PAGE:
Wonderstruck: Press conference with Todd Haynes, Julianne Moore, Michelle Williams and Millicent Simmonds
An adaptation of Brian Selznick’s popular young adult novel, Wonderstruck has been well-received by critics, and may be the festival’s first major Oscar contender. Its central cast is mainly composed of children – two of which, Jaden Michael and Millicent Simmonds (who came with her own sign language interpreter), were able to attend Cannes. The supporting ranks are filled by Michelle Williams and Julianne Moore, in her fourth collaboration with Carol director Todd Haynes.
Translating the novel to the screen was not just a matter of compressing the story. The novel is separated into prose and illustrations – representing 1977 and 1927, respectively – which in the film are turned into traditional colour photography and black-and-white silent cinema, an idea that Haynes praised as “intensely cinematic… On the page, it paid acute attention to sound and music, which, to a filmmaker, was irresistible material to think about”.
The director has a habit of making period pictures, which, he argues, “force me to look back at cinema history”. Yet he was particularly drawn to the physical properties of Wonderstruck, which focuses on the childlike appeal of models and museums. “The tactile things – the glue, the ink on your fingertips… This was stuff I did as a kid, and…kids still need to do stuff like this.”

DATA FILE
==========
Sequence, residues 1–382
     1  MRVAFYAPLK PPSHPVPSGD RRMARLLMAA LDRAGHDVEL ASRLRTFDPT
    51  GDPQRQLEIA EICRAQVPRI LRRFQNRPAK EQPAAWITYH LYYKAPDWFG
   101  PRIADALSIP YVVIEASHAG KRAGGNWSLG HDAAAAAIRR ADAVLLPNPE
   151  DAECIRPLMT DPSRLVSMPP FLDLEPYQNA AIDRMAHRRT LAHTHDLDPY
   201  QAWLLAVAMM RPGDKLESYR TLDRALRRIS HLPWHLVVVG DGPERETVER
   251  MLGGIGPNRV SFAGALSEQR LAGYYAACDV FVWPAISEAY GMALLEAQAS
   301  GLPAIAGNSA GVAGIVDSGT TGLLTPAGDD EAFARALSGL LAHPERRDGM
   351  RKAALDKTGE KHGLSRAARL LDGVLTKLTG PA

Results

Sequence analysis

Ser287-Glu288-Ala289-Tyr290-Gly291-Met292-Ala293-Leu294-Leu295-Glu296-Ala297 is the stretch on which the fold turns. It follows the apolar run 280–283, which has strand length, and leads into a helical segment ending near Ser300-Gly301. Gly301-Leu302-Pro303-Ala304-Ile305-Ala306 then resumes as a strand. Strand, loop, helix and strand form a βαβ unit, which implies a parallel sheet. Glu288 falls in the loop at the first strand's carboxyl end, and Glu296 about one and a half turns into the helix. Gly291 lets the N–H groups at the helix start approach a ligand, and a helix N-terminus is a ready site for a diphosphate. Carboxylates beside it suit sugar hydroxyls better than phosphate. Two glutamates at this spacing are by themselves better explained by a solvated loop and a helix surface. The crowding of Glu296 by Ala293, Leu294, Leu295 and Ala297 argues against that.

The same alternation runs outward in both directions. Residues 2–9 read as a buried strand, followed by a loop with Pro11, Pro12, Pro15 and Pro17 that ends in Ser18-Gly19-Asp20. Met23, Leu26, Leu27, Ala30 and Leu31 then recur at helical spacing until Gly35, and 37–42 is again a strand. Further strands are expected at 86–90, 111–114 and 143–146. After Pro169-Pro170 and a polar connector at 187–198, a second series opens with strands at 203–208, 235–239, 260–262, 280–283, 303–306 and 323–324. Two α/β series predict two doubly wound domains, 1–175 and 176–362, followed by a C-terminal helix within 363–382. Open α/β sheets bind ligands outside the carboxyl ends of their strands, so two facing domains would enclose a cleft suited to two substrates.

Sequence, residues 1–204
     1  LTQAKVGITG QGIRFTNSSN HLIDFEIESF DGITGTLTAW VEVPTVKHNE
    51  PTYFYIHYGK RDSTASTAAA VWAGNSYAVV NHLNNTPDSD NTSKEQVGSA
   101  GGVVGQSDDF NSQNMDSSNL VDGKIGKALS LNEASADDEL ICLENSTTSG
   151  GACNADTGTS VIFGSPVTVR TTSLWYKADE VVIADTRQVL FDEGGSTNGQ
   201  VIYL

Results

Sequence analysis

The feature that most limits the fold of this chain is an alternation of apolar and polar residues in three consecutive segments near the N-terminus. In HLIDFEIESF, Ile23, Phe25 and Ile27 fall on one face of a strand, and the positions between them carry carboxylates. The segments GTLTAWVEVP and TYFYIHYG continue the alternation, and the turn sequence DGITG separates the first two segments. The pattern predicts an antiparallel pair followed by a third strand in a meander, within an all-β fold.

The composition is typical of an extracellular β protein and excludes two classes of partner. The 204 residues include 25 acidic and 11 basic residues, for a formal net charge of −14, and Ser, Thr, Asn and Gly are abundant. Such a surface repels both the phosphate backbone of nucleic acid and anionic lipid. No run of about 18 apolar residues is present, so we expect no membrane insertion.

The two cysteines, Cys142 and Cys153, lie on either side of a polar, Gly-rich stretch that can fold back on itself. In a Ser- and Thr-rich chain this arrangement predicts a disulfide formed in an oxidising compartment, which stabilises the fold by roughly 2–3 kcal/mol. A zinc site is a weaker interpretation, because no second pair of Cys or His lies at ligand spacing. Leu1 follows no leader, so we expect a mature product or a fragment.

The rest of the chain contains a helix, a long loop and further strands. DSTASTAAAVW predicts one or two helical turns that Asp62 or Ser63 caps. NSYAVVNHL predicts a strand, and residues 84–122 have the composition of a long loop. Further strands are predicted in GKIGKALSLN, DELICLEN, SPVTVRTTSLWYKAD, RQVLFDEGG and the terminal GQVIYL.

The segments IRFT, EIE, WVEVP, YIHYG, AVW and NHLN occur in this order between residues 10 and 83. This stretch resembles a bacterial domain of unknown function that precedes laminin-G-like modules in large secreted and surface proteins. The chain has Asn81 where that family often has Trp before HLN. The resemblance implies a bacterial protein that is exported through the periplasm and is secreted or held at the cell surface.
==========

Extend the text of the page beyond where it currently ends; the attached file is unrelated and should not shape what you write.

Julianne Moore may not assume a leading role, but she often steals the film. She found playing a character who communicates through sign language interesting: “It boiled down to how we communicate, and what language is… You’re always, as a human being, looking for a way to communicate. And understanding a culture… It was my first experience with deaf culture, and I was very lucky to see how that worked.”
Haynes, himself, seemed humbled by his extensive history with Moore. “[She’s] an amazing through-line in my career. I was stunned by the sense that I’d found a soulmate…who found this character on the page and brought something that I could barely imagine.” Moore repaid the compliment: “He’s an absolute genius… You don’t have to do anything! He’s set it all up – the cinematic world – and all you have to do is walk in.”
Inevitably, the subject of Netflix cropped up again. Yet Wonderstruck was funded by Amazon, and Haynes was quick to make the distinction and sing their praises: “The film division at Amazon is made up of true cineastes, who really love movies… Me and [cinematographer] Ed Lachman shot the movie on negative, in the wide aspect ratio, and it’s an homage to cinema itself – the experience of seeing something on the big screen – and I think that’s something that Amazon’s very passionate about.”
Photo: Andreas Rentz / Getty Images
Read our review of Wonderstruck here.
Read more of our reviews from the festival here.
For further information about Cannes Film Festival 2017 visit here.